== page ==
[Lesions of the radial nerve in fractures of the humeral diaphysis. Apropos of 62 cases]

J Alnot, N Osman, E Masmejean, P Wodecki
Revue de Chirurgie Orthopédique et Réparatrice de L'appareil Moteur 2000, 86 (2): 143-50

PURPOSE OF THE STUDY: Evaluate outcome of different techniques used for radial nerve repair after humeral shaft fractures. Identify situations where nerve exploration is required or inversely unneeded. Evaluate the risk of more systematic nerve exploration in case of radial nerve palsy.

MATERIAL AND METHODS: Over a 10 year period, we cared for 62 patients with humeral fractures associated with radial nerve palsy who were addressed directly to our unit or referred after prior care. There were 54 men (mean age 30 years, 17 - 66) and 8 women (mean age 40 years, 19 - 80). There were 40 fractures of the mid-third and 22 fractures of the distal third of the humerus. Anatomic severity varied although most fractures were displaced or subsequent to high-energy trauma. Orthopedic treatment was used alone in 14 cases. There were 6 plate fixations and 42 intramedullary nailings. Twenty-four of the 62 cases of radial nerve palsy resulted from nerve tears but a continuous nerve was found in 38 cases. Tears were treated by primary suture (n =4), secondary graft (n =17, 5 with 2 torons and 12 with 3 or 4 torons), or primary muscle transfer (n =3). Neurolysis was used in 6 of the 38 cases with continuous nerve. Motor outcome was assessed using composite criteria taking into account the physiological role of each muscle group.

RESULTS: All primary sutures gave excellent results. Excellent or good outcome was achieved in 12 of the 17 secondary grafts although a complementary transfer was required in 2 cases. Conversely, outcome was average in 2 cases and a failure in 3. Outcome depended on the length of the graft and the number of torons used. The importance of a proximal resection in healthy tissue sometimes required a complementary medial access and a graft between the biceps and the brachialis. Recovery was achieved in 37 of the 38 lesions with continuous nerve including 31 cases which did not require a second procedure.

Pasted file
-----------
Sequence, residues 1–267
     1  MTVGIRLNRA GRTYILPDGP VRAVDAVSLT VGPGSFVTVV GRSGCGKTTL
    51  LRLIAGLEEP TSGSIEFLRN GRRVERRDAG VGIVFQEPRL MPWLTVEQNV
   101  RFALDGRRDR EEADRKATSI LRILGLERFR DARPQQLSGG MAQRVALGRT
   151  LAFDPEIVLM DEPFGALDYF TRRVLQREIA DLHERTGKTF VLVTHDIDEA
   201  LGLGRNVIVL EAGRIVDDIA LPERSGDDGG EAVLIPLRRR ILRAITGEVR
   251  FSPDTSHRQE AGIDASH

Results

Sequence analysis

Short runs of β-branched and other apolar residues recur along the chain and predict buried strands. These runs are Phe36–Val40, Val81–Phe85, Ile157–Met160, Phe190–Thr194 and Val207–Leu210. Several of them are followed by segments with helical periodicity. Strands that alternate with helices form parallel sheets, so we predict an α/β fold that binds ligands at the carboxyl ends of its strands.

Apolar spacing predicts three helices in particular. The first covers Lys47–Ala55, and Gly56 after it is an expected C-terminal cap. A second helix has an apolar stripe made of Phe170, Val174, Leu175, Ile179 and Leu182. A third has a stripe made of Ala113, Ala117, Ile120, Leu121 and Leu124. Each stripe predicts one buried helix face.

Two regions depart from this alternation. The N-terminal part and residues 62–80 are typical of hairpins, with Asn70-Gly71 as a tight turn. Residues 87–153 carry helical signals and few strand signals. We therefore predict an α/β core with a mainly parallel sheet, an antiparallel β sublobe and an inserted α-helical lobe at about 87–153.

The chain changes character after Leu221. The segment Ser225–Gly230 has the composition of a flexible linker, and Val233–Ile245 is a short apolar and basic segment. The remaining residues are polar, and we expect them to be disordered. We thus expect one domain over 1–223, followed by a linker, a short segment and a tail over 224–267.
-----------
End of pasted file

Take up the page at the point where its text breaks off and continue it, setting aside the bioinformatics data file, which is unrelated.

DISCUSSION: In case of nerve rupture, the outcome of primary suture appears to be better than that of secondary grafts. The success of the graft depends on the length of the tissue loss after sectioning in healthy tissue and on the number of torons used. This difference in prognosis points out the usefulness of systematic exploration in order to use primary or early direct suture in cases of high-energy displaced fractures. Minimally displaced fractures often are accompanied by a simple contusion with spontaneous recovery. However, in intermediary cases, the decision to make a systematic nerve exploration during the osteosynthesis procedure (aimed at early mobilization) is based on the fact that recovery was achieved in 23 cases in which initial exploration of a continuous nerve has been performed. Indirectly, the favorable outcome of postoperative paralyses reported by several authors, also supports this policy.

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